Bitumen and Binders

Introduction

Bitumen is a viscous liquid or a solid consisting essentially of hydrocarbons and their derivatives which is soluble in trichloro-ethyelene and is substantially nonvolatile and softens gradually when heated. It is black or brown in color & possesses waterproofing and adhesive properties.

Bitumen is an effective binder for most road surfacing applications and mainly used in spray seals and asphalt. It is of petroleum origin and behaves as a thermoplastic material. It is produced from the refining of crude petroleum oil and its properties of chemical inertness, water resistance and natural adhesion make it an ideal material for a variety of applications. Bitumen is obtained by vacuum distillation or vacuum flashing of an atmospheric residue.

Road construction requires a variety of bitumen grades with strict quality specifications, such as narrow ranges for penetration and softening point. These special grades are manufactured by blowing air through the hot liquid bitumen.

Bitumen Properties

The desirable properties of bitumen depend on the mix type and construction. In general, Bitumen should possess following desirable properties.

  • The bitumen should not be highly temperature susceptible: during the hottest weather the mix should not become too soft or unstable, and during cold weather the mix should not become too brittle causing cracks.

  • The viscosity of the bitumen at the time of mixing and compaction should be adequate. This can be achieved by use of cutbacks or emulsions of suitable grades or by heating the bitumen and aggregates prior to mixing.

  • There should be adequate affinity and adhesion between the bitumen and aggregates used in the mix.

Bitumen Grading

Bitumen are classified by a broad range of properties including by the midpoint of their specified viscosity range at 60°C measured in Pascal seconds.

Bitumen Class

Viscosity Range at 60°C

Class 50

40–60 Pa.s

Class 170 

170 140–200 Pa.s

Class 320

260–380 Pa.s

Class 600

500–700 Pa.s

Different forms of bitumen used in roadmaking

 

Bitumen in its original form: Bitumen in its original form which has no flux or cutter added is used in most hot asphalt production and in some spray seal applications. Class 320 is used in asphalt and class 170 bitumen is used in sprayed sealing applications.

Cutback bitumen: Cutbacks comprise a bitumen which has its viscosity reduced by the addition of a relatively volatile material such as kerosene. The purpose of adding a 'cutter' is to temporarily lower the bitumen viscosity to either improve its wetting ability and also allow more time for sealing crew to apply cover aggregate before it hardens.

There are different types of cutback bitumen like rapid curing (RC), medium curing (MC), and slow curing (SC). RC is recommended for surface dressing and patchwork. MC is recommended for premix with less quantity of fine aggregates. SC is used for premix with appreciable quantity of fine aggregates.

Bitumen Emulsion: Bitumen emulsion is a liquid product in which bitumen is suspended in a finely divided condition in an aqueous medium and stabilised by suitable material. Normally cationic type emulsions are used. The bitumen content in the emulsion is around 60% and the remaining is water. When the emulsion is applied on the road it breaks down resulting in release of water and the mix starts to set. The time of setting depends upon the grade of bitumen. Three types of bituminous emulsions are available, which are Rapid setting (RS), Medium setting (MS), and Slow setting (SC). Rapid setting emulsions are used for surface dressing work. Medium setting emulsions are preferred for premix jobs and patch repairs work. Slow setting emulsions are preferred in rainy season.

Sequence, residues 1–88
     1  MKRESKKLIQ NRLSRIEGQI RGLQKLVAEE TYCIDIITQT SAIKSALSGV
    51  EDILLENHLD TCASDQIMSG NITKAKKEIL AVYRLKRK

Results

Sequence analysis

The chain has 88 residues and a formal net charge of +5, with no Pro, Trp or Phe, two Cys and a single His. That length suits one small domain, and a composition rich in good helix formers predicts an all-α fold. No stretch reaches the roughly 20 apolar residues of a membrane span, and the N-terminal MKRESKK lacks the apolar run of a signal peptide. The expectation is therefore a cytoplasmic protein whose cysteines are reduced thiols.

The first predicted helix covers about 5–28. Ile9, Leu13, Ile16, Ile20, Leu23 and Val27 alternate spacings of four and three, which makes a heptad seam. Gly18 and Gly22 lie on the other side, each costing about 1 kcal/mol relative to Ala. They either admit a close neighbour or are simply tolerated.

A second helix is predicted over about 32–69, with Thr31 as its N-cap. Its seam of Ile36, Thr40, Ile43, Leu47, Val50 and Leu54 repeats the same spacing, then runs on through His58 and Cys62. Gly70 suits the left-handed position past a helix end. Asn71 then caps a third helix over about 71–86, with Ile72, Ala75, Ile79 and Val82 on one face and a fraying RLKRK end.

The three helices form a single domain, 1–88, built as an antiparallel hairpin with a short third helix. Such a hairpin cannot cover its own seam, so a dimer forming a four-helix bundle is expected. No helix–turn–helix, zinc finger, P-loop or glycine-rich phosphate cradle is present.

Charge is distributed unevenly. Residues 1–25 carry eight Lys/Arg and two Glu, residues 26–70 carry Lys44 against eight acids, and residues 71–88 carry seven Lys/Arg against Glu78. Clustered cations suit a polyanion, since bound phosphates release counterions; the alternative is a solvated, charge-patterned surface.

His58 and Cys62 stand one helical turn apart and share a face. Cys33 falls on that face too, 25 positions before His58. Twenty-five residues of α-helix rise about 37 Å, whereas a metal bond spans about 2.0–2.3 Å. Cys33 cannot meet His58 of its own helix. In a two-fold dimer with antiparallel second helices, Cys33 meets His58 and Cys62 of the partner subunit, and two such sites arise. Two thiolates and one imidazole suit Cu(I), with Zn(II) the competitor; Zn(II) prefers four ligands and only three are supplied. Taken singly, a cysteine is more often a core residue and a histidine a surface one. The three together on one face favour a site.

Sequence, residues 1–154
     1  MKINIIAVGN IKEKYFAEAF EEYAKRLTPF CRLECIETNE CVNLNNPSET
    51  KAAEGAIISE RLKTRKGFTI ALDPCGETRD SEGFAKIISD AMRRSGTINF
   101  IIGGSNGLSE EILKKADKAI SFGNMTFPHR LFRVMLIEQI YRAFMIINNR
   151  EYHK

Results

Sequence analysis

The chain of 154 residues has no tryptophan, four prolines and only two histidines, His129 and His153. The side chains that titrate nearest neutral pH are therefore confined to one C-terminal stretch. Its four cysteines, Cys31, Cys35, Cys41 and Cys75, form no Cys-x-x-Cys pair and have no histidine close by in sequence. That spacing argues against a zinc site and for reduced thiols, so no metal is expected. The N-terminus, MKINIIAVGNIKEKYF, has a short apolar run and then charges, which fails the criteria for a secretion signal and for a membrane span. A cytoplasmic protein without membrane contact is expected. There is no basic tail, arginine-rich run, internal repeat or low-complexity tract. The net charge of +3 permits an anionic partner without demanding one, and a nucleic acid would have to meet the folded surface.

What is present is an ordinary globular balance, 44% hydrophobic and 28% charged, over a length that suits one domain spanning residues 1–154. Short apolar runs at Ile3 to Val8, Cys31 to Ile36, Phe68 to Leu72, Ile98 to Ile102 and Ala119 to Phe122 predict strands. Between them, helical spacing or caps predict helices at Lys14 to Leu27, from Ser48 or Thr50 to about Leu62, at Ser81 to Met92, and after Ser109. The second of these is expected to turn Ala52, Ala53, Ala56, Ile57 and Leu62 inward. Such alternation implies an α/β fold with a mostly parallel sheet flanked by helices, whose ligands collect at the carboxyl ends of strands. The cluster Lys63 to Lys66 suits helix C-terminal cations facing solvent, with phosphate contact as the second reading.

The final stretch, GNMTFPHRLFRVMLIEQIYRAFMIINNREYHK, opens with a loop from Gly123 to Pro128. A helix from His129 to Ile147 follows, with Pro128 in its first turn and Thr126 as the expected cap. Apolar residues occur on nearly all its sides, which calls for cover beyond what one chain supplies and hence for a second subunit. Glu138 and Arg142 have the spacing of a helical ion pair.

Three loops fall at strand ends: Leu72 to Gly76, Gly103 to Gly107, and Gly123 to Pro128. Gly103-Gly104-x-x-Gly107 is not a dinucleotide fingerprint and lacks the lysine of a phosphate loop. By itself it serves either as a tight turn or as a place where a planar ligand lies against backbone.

Modified Bitumen: Certain additives or blend of additives called as bitumen modifiers can improve properties of Bitumen and bituminous mixes. Bitumen treated with these modifiers is known as modified bitumen. Polymer modified bitumen (PMB)/ crumb rubber modified bitumen (CRMB) should be used only in wearing course depending upon the requirements of extreme climatic variations. It must be noted that the performance of PMB and CRMB is dependent on strict control on temperature during construction. 

The advantages of using modified bitumen are as follows:

  • Lower susceptibility to daily and seasonal temperature variations

  • Higher resistance to deformation at high pavement temperature

  • Better age resistance properties

  • Higher fatigue life for mixes

  • Better adhesion between aggregates and binder

  • Prevention of cracking and reflective cracking

Tests on bitumen

There are a number of tests to assess the properties of bituminous materials. The following tests are usually conducted to evaluate different properties of bituminous materials.

  • Penetration test

  • Ductility test

  • Softening point test

  • Specific gravity test

  • Viscosity test

  • Flash and Fire point test

  • Float test

  • Water content test

  • Loss on heating test